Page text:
What a year just gone. Changes in shopping and retail are gathering speed.
Why is city retail in difficulty? Online rivals can prove more convenient to the modern
shopper and they stock everything with a click at the other end of a globally reliable
parcel service. Asphyxiating costs like rent and rates are seriously out of sync with
falling incomes at the bricks and mortar till.
Consumer side, it looks like consumption fatigue has set in. Many haven’t had a pay rise
in a decade. Shoppers are no longer looking just for the retail names present or the size
of the stores; sophisticates, they are choosing style over brands. High-tech and
travelling light, these consumers want to be able to consume anytime, anywhere and
when it suits them. Consumers make their choices based on the entire experience. Is the
city centre convenient to get to? Are there ample transport links? A city that goes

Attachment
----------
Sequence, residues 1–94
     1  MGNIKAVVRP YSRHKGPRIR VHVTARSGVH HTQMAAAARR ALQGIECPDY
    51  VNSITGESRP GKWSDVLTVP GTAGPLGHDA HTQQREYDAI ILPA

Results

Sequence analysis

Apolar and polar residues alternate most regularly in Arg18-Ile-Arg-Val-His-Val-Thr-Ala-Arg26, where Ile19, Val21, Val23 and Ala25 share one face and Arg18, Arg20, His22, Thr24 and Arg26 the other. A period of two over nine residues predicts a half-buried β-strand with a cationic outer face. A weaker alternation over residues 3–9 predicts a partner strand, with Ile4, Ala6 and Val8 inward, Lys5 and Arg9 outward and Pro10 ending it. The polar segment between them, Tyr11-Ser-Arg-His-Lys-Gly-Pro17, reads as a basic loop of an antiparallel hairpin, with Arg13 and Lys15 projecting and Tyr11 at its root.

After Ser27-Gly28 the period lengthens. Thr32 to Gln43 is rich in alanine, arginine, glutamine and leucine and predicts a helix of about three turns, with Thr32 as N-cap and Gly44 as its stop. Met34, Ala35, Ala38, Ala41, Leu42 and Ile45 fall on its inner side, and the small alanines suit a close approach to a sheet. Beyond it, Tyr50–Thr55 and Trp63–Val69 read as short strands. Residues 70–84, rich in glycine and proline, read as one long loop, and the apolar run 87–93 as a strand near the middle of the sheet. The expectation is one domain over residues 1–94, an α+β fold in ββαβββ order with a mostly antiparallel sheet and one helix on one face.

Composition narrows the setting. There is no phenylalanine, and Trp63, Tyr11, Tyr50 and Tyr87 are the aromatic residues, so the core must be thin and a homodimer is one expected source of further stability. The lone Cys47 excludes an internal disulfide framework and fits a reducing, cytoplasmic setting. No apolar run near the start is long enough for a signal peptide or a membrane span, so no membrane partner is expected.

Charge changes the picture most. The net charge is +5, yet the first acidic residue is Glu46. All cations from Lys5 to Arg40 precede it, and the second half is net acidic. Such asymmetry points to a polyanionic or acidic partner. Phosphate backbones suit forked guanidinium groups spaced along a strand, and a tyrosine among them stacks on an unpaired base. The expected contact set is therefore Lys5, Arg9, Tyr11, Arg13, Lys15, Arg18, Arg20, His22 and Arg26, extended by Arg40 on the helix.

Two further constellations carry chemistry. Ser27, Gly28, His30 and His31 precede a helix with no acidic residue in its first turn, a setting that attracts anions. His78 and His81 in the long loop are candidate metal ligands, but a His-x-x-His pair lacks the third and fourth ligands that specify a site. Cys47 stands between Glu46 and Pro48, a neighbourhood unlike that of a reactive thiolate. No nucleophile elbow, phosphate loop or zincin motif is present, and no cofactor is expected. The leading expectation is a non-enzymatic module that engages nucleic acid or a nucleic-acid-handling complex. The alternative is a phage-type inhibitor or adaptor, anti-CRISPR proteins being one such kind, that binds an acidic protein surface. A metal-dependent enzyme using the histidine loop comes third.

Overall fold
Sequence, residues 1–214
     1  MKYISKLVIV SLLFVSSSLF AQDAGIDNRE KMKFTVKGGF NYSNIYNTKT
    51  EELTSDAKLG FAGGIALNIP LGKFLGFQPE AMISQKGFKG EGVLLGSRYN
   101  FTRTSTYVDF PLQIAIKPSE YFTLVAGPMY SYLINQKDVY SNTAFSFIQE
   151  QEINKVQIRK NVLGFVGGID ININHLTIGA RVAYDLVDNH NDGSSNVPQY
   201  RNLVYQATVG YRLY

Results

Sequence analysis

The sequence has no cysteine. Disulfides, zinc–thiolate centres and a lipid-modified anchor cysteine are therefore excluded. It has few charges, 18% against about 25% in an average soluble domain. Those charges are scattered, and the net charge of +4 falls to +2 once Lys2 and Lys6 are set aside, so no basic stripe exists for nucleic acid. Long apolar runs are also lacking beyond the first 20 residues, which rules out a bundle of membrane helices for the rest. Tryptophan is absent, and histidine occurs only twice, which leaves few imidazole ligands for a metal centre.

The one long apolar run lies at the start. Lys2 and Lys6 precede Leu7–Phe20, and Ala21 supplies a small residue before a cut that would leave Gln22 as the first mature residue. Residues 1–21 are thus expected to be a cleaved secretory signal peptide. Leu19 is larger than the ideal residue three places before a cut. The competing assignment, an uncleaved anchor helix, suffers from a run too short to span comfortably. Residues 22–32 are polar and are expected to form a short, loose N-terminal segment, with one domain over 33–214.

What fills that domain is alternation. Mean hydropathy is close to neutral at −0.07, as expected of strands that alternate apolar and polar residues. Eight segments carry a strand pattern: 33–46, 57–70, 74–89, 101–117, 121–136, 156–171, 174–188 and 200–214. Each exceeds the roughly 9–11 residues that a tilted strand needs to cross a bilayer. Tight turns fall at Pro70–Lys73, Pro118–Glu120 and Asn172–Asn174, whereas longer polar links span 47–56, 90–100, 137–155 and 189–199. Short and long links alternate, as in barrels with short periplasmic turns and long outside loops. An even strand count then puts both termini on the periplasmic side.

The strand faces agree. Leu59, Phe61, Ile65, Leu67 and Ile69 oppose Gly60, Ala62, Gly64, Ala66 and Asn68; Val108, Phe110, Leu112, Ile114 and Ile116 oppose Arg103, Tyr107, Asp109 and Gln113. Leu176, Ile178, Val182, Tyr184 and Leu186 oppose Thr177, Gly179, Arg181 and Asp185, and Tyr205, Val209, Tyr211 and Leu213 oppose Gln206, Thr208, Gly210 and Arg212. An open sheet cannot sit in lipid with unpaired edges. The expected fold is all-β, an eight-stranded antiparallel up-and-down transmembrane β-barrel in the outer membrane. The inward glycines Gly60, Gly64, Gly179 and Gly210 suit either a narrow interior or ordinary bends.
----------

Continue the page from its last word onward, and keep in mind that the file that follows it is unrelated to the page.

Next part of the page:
beyond shopping to offer a decent meal or coffee, healthy and life-affirming activities
plus something entertaining, captures their interest.
Can we put these two together again or is this our Humpty moment?
Well, consumers are still out there. Shopping Centre News says 54% of people visit their
high street at least once a week, with one in ten visiting every day. Twenty-eight new
outlets actually opened in Chichester last year. Many were not in retail but only 5 were
It looks like the future could lie with the independent business. Flexible, nimble, these
cost-conscious SMEs provide for a diversified customer base and cater for almost
anyone who walks through their door. In there we can still buy what we want and when
we want it because they are not tied to a particular supply chain. Those able to react
quickly to change have a fantastically loyal customer base. But the business rate system
sure needs overhauling and struggling retailers should no longer be relied upon to prop
up ailing town centres from reduced profits.
The glue in all this? Well, who doesn’t like being recognised when they walk in?
Chairman Chichester BID